Reading Tips for Parents

Love to read!

Reading Tips for Parents


Research shows that reading benefits children in many ways. The exposure to richer language helps them develop a better vocabulary. It also improves grammar, stimulates the imagination, improves listening skills , develops writing skill and style, and helps children make sense of the world around them as they read and make connections to what they know. Studies have also shown that children who have been read to are better able to describe events and scenes, as well as follow instructions. Even spelling skills increase as children see the same words over and over again as they read independently. And then there's the simple enjoyment of reading. . .


Reading Aloud


* Read aloud to your children until they are too old for you to 'tackle' and sit down with (late intermediate grades???). Find a comfortable place and snuggle up together so that your children's connection to books is a pleasurable experience.


* Read books that are somewhat above the current reading level of your child. This is most successful in helping to promote reading progress. Children's listening level of comprehension is higher than their reading level until they are in about grade 8.


* Discuss what you read. Ask questions (especially "Why do you think. . ." ). This will help to develop your child's reading comprehension.


* Encourage your child to make connections between what has been read and things that are happening in their own lives. It will deepen the experience for them and improve their understanding.


* If your children find it hard to sit still, give them something to keep their hands busy. This isn't supposed to seem like a punishment. Just make sure they're still listening by asking them questions, etc.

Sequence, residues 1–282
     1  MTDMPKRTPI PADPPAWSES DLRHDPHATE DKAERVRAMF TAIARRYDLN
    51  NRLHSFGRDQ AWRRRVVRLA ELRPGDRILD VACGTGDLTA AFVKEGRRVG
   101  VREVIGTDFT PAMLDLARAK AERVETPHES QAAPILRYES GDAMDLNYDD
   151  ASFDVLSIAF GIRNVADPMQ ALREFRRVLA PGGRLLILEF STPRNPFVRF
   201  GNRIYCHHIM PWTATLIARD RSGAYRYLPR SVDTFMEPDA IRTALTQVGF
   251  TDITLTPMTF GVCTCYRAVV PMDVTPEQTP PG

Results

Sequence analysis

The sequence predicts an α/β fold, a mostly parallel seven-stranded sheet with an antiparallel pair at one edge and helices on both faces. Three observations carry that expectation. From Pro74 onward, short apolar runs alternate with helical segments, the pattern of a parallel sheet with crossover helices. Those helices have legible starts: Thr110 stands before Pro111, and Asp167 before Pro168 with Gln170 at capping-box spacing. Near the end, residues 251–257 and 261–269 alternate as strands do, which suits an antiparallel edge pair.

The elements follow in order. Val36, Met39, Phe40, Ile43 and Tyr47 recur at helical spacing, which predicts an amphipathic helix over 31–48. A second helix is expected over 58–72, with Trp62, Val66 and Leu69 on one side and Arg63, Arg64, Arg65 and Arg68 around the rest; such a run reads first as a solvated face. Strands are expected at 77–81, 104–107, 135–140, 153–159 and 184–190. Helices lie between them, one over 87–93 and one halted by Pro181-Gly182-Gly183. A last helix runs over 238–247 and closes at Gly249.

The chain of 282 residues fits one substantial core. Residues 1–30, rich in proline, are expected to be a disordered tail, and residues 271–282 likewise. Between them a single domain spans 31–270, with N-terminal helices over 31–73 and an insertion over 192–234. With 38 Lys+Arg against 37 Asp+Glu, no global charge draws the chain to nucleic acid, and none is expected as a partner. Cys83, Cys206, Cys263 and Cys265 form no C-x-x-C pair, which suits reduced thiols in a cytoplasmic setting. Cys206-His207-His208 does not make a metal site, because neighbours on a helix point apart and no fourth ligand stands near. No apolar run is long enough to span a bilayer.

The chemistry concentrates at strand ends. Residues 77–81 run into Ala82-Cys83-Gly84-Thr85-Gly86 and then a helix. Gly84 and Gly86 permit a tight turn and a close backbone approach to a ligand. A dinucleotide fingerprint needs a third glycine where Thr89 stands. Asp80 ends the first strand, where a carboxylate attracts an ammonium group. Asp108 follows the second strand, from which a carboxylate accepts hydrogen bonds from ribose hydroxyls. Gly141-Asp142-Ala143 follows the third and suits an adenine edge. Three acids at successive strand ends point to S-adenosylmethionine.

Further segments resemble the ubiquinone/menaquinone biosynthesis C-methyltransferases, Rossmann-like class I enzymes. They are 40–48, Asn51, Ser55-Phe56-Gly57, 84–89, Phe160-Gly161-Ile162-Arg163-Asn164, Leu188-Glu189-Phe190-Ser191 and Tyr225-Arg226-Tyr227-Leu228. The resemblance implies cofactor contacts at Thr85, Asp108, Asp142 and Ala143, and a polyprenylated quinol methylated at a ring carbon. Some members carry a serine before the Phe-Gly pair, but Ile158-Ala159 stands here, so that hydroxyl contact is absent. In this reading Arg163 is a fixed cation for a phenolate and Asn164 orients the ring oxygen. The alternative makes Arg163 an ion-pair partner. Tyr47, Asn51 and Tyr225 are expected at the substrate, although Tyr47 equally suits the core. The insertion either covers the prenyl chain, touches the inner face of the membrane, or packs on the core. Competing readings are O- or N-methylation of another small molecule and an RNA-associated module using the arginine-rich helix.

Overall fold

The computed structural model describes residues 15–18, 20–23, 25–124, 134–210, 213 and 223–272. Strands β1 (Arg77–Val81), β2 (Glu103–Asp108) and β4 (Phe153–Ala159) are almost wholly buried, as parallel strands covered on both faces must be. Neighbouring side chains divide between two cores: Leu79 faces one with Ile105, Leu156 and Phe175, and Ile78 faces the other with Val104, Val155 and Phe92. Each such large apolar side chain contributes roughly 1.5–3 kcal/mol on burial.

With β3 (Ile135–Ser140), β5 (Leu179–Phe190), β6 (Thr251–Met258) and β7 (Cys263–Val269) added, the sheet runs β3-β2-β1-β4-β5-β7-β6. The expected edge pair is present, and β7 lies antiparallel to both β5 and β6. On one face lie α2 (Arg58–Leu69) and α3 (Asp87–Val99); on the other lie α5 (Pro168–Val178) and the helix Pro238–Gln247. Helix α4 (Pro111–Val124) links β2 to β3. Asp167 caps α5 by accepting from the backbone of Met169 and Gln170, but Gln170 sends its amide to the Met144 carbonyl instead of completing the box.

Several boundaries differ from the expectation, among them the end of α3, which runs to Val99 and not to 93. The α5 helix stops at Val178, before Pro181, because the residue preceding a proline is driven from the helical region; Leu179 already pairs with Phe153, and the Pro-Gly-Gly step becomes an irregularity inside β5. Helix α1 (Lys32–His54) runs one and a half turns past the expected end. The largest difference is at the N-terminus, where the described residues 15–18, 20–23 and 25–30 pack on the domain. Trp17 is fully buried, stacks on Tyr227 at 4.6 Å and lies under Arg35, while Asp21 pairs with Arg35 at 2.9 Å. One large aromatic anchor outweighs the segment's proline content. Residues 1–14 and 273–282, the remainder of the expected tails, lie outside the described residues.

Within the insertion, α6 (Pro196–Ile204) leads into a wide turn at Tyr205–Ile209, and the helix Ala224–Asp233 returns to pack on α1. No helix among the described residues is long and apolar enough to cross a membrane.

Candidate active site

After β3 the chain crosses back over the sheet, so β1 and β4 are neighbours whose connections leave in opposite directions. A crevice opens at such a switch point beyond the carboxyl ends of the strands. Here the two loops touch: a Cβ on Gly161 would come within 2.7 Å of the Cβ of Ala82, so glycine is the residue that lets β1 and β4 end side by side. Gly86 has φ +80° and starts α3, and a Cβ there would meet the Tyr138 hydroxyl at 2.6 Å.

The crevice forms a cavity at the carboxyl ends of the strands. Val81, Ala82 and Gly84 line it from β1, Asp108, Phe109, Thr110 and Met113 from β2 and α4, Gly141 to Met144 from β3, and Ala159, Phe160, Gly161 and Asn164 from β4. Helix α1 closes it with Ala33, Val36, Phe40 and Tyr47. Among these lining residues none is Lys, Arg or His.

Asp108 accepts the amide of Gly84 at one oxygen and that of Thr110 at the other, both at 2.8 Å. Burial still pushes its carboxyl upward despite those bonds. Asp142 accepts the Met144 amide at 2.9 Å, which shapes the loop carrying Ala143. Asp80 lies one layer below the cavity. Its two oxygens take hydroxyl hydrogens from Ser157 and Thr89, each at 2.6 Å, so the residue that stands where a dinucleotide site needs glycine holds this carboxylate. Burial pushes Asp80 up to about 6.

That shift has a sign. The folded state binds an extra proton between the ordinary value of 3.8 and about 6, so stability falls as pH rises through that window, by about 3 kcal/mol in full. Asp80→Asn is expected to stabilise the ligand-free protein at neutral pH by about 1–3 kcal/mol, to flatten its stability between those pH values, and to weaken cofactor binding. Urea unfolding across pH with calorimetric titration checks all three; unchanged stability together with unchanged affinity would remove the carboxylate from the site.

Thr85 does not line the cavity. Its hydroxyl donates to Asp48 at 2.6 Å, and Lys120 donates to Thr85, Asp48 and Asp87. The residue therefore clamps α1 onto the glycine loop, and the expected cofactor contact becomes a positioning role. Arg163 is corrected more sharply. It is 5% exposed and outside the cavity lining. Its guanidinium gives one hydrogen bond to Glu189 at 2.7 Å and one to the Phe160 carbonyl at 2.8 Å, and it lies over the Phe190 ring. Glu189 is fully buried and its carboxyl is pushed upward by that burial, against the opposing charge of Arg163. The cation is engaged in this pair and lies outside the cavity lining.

* If you feel comfortable, read dramatically by changing your voice for different characters, etc. If you don't feel comfortable doing this, don't worry about it. Just make sure you show you are enjoying the reading. Kids pick up on this.


* Let kids have a say in what you read to them. Studies have shown that the pleasurable experience of being read to can reshape negative attitudes toward reading into more positive ones. Besides, you're building memories, remember?


Listening to Your Child Read


* Keep it a positive experience! This is the most important thing you can do. Be patient.


* Schedule time on a regular basis - 15 minutes 4 or 5 days a week - so that it becomes a habit. This should help your child be less resistant if it occurs at the same time and is part of a ritual. It also gives reading status by showing its importance.


* Make sure the book is on the right level for your child - this is critical. If it's too hard, it may lead to frustration and a negative self image. You may wish to use the Five Finger approach to determine the book's suitability. As your child reads, fold down a finger for every error. If your child makes more than 5 errors on a page, the book is probably too difficult and should be put away for future reading.


* Snuggle up and make the experience a positive one.


* When your child has difficulty with a word, encourage them to 'figure it out' and allow time to do it. Supply the word, if necessary.


* Students can use their developing skills to sound phonetic words out, but this is just one strategy that shouldn't be overused. Also remind them to use meaning - skip out the word, read on and then go back to use meaning combined with the clues provided with the letters. Sentence structure is also a clue - does what you read sound right?


* Praise children for trying to figure out words and for self-correcting reading errors.


* Point out what they have done well. i.e. "You read that so well, you sounded just like you were talking" or "You used your voice to make that really interesting to listen to". This will make them feel successful and help your children remember to do it again in the future.


* Talk about the story and ask questions to develop your children's reading comprehension. Again, allow them to make connections to their own experiences.


* Even after your child becomes an independent reader, you should listen to him/her read aloud on occasion. Reading aloud is a very different skill than reading quietly to oneself.